I came of age feeling that my value as a person was based on what I accomplished. I'm pretty sure I'm not the only person to feel that way.
I can't explain the psychology of it, but it seems to be one of those cases where you say, "There are two kinds of people in the world." In this case, those who seek to be loved unconditionally for who they are, and those who seek approval for what they have done.
Or maybe we all totter somewhere between the two.
I've tried to value "being," and in fact lately I've done a lot of it--if things like relaxing and playing games and taking naps count. But guess what? I hate that I'm not doing more. I have lots to do for the carousel and to promote the book (sheesh, I haven't even told you about it yet). I manage to keep up with Peter as we take care of the grandkids, but I'm not as creative as I might be. I need to exercise more and to practice my tap routines. I need to finish cleaning up this office, still messy after a year of writing our book and putting on a carousel birthday party. And so much more, all of which I expected to tackle with gusto as soon as the carousel season was over.
In the past few weeks I've taken note of two blog friends' posts that really resonated with my current slowed-down state. Sally, the Retired English Teacher, wrote that she has been foggy, unfocused, pulled in many directions. I began to imagine her sitting around as I have been, until I discovered that she (1) flew across the country to help a son badly injured in an accident, (2) had a nasty bout with an allergy that attacked her whole system, and (3) had recently gone back to teaching, 10 hours a week plus all new preparations. Noting how much she was expecting of herself, my comment was along the lines of, "No wonder you feel pulled in all directions!"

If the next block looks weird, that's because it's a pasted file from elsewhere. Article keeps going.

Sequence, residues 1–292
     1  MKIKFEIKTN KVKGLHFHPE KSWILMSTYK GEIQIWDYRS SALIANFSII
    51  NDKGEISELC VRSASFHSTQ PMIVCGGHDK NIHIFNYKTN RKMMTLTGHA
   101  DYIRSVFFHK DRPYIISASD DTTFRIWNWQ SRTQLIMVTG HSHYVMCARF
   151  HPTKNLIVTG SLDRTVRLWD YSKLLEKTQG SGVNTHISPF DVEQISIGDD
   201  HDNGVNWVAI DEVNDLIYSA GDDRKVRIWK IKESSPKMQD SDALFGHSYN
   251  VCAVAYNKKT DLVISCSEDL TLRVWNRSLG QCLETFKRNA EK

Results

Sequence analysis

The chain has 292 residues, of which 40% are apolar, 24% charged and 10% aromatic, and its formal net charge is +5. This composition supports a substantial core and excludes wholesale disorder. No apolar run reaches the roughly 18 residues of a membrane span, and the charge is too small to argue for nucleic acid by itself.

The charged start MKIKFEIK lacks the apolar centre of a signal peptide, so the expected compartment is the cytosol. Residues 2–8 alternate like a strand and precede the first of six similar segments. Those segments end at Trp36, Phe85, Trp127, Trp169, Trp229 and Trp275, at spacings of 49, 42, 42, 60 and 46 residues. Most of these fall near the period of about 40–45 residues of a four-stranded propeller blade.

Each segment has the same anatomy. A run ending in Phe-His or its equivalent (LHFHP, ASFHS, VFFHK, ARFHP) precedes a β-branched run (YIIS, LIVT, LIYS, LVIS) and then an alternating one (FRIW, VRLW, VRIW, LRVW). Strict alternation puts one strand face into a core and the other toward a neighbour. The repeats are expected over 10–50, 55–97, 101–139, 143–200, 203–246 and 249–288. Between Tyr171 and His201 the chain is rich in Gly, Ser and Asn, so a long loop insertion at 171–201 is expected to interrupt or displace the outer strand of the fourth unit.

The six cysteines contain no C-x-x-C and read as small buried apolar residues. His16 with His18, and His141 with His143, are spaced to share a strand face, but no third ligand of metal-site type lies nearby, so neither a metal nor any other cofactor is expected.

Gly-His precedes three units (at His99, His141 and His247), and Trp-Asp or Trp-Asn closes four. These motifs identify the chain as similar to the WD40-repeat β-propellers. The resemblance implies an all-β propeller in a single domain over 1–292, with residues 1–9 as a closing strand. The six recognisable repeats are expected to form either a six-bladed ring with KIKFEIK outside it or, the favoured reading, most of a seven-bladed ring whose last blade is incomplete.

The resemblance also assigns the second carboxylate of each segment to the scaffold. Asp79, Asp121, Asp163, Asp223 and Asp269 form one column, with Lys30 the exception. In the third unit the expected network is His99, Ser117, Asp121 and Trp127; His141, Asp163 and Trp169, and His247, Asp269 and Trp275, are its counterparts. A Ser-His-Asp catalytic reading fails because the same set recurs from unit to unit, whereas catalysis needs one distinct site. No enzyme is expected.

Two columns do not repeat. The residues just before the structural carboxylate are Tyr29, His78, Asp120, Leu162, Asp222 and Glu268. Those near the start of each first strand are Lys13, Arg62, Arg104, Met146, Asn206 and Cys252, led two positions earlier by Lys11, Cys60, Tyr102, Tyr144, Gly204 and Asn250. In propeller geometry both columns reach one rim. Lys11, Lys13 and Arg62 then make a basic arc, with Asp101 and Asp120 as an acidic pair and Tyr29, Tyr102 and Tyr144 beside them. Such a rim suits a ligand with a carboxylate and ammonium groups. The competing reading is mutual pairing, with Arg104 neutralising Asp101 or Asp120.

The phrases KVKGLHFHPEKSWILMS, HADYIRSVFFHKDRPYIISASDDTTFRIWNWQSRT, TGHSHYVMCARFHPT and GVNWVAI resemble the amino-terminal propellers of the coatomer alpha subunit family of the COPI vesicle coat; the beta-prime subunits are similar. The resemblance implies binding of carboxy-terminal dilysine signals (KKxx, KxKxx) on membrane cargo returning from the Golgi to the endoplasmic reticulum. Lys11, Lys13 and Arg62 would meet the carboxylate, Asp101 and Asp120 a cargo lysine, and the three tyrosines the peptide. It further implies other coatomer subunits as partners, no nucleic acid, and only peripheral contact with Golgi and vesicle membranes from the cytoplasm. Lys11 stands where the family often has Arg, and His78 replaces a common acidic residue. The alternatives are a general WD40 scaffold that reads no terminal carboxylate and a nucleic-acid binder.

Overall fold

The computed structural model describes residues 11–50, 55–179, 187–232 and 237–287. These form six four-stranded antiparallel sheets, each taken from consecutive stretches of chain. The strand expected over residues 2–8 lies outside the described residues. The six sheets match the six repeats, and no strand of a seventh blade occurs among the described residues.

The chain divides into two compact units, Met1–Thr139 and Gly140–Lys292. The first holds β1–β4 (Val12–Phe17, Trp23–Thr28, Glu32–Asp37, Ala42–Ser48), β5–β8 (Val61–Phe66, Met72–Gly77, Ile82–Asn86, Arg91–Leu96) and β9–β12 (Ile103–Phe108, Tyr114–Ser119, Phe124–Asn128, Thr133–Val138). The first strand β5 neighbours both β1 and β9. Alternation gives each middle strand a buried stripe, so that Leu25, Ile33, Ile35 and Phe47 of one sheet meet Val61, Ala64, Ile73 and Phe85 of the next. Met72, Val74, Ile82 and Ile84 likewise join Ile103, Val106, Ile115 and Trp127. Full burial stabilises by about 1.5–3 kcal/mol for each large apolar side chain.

I decided that given all the work I've put in, and some difficult changes we are making at the carousel just now, I too am justified in feeling foggy and tired. But then the voice comes back, "If you'd eat better and exercise more, you could do more." Can't argue with that, exactly.
But Marie at Rock the Kasbah wrote that she has been avoiding some tasks, including promoting her book, and she realized that she was feeling the need to stay in her comfort zone for a while. Whoa, I said to myself, she hit the nail on the head. I've avoided promoting our book because it makes me uncomfortable. It takes reaching out beyond my introverted habits, boasting (an activity that is foreign to Minnesotans), and perhaps worst of all, risking rejection.
For about three years, being retired meant I could stop worrying so much about doing, and focus much more on being. But this past year has consisted of writing the book, creating items for sale, planning multiple big events, and ultimately making lots of media and public appearances. If I were the least bit extroverted, I might be less drained. But that's not going to change. So in fact taking time to rest and stay in my comfort zone, at least a little, seems to be a reasonable kind of being, and in the long run it will make me better able to do what needs to be done.
Do. Be. Dooby-dooby-dooby-doo.
I'd be surprised if you didn't have some experience with this dilemma. Am I right?